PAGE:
Present day Khorasan is the largest province (313,000 km2, some
115,830 square miles) and one of the most populated regions of
Iran. Its capital, Mashhad is also a holy city of Shi'ite Islam
(it houses the shrine of the 8th Imam, Reza). Its northern
mountainous region lives off a relatively flourishing agricultural
and pastoral economy. The South is mostly enclosed deserts and
salt plains; however, there is an enclave of highlands around
Birjand and Qa'in where life is centered around oases.
Khorason EconomyThe province's economy is based on agriculture (grains, beet, saffron, cotton and fruits), animal husbandry, light and heavy industry and rich mineral resources including natural gas (in Sarakhs).
Khorason ClimateThe climate in different areas varies from hot and dry to cold highland weather; or to mild and temperate, but generally with little rain and humidity. The most well known rivers of Khorassan are Atrak, Kashaf Roud and Ghara Sou.
The People of KhorasonAccording to the latest population census, Khorassan has a population of over five million people who are generally Muslims and Persian speaking. Local dialects are also spoken in parts of the province. Other languages spoken sporadically in the area are Turkish, Kurdish and some Arabic. There are really few religious minorities in this province and they speak their own languages.
Khorason, especially in the north, is characterized by a large ethnic diversity. Over a surface of 15,444 square miles, all the ethnic groups that compose the population of contemporary Iran can be found: Kurds, Balouchis, Lors, Turks, Turkmens, Sistanis, Afghanis, Arabs, etc... The existence of this mosaic of people is due to historical reasons. The presence of several of these ethnic groups such as the Turks goes far back in time. On the other hand, others, like the Kurds, have been forcefully settled. The Kurds were deported from their homeland during the reign of the Safavids in order to reinforce the defense line of the north eastern border. The other ethnic groups are the Lors, Arabs, Balouchis and certain groups of Turkmen. Because of its climate and the superior quality of its pastures, Northern Khorason has attracted many nomads and semi-nomads of neighboring Balouchistan and Sistan.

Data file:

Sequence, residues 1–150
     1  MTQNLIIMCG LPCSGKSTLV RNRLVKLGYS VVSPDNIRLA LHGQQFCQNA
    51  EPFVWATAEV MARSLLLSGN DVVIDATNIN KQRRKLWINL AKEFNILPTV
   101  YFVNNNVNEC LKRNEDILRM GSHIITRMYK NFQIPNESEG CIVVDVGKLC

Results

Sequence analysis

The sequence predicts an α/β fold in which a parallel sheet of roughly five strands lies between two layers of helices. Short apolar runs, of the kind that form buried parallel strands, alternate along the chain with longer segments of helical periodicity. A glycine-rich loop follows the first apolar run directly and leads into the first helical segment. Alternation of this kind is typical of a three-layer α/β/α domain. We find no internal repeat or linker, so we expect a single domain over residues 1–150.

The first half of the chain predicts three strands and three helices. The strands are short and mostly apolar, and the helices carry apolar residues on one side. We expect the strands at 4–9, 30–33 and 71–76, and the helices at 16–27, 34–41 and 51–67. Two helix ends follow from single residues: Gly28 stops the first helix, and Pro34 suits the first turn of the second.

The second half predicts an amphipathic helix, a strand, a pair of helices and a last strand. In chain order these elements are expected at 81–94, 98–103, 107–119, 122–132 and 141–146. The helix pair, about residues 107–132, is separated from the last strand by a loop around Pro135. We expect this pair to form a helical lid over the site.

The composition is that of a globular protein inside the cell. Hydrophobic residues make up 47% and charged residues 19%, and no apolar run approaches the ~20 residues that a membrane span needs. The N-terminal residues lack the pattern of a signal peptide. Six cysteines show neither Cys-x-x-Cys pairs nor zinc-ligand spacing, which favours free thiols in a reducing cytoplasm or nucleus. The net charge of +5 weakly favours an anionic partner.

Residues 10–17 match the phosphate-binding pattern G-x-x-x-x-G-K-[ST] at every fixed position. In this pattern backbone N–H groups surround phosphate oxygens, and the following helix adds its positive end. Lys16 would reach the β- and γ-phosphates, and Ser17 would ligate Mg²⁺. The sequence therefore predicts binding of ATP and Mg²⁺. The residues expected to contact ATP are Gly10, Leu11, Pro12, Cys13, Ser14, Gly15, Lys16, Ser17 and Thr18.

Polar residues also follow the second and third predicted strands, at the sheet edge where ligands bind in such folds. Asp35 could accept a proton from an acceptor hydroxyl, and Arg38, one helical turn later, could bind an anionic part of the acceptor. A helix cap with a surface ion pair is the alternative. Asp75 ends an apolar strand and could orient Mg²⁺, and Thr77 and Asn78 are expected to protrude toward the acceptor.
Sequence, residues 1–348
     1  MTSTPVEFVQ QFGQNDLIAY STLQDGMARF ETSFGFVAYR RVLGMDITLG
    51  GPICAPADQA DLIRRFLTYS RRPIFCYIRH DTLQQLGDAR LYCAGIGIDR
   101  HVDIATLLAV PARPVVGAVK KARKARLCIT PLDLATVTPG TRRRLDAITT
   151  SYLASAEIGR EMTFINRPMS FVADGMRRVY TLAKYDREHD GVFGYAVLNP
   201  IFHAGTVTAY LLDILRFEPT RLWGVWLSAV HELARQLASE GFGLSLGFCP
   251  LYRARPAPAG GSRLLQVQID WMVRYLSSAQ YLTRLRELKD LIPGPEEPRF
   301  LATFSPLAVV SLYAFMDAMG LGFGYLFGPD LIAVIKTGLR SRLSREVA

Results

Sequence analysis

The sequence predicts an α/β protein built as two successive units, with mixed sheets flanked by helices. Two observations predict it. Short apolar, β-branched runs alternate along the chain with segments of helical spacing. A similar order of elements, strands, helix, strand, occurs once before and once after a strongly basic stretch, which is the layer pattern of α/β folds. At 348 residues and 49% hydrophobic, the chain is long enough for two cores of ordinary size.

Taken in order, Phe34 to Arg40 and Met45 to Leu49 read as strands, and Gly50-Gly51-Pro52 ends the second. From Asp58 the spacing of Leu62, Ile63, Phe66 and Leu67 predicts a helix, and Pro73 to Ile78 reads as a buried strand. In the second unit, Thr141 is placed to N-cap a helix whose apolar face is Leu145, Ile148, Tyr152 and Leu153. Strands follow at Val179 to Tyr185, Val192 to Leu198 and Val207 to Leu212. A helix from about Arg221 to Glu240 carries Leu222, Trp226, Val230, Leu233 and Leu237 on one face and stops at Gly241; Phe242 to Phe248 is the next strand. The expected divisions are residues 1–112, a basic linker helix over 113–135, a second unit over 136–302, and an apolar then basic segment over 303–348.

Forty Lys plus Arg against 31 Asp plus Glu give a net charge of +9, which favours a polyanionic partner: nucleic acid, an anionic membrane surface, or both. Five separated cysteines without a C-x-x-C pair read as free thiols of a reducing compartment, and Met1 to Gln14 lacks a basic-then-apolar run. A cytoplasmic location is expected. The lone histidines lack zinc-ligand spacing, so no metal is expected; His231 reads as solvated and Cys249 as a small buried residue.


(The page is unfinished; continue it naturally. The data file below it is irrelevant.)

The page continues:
Music in the culture of Khorason
Due to its ethnic diversity and the existence of different languages and religious observations (Sunni and Shi'a), the musical tradition of Khorason is very rich. From the north to the south, the music scene varies greatly. In the north of Khorason, one can find the bakhshi narrating and singing, among other things, "dastans" (stories in Turkish), although they can also sing in Kurdish about the historical deeds of local figures. They accompany themselves on the dotar. One can also find in the north, the Asheq who play "dohol" (double-faced drum), the "sorna" (a kind of oboe-like reed instrument) and the "qoshme" (double clarinet made of the central nervure of the plumage of birds tied together). The Asheq are specifically associated with the Kurds and play at wedding dances and village feasts. In the East of Khorason, near Torbat and Jam, the main instrument is the dotar (with some modifications), but there are no Bakhshi and the music is different. Here, the music takes the form of "ghazal khani'" and is performed by singers of quatrains and "ghazals" - lyric poems based on the invocations of mystic poets like Rumi, Attar and Sheikh Ahmad Jami. Purely instrumental pieces also figure in the repertoire.
More towards the south, in the regions of Birjand and Qa'in, the musical culture changes again: the dotar is no longer present (although it seems that in the past, it was played). The songs are called "sotak" and are accompanied on the "dayereh" (tambourine).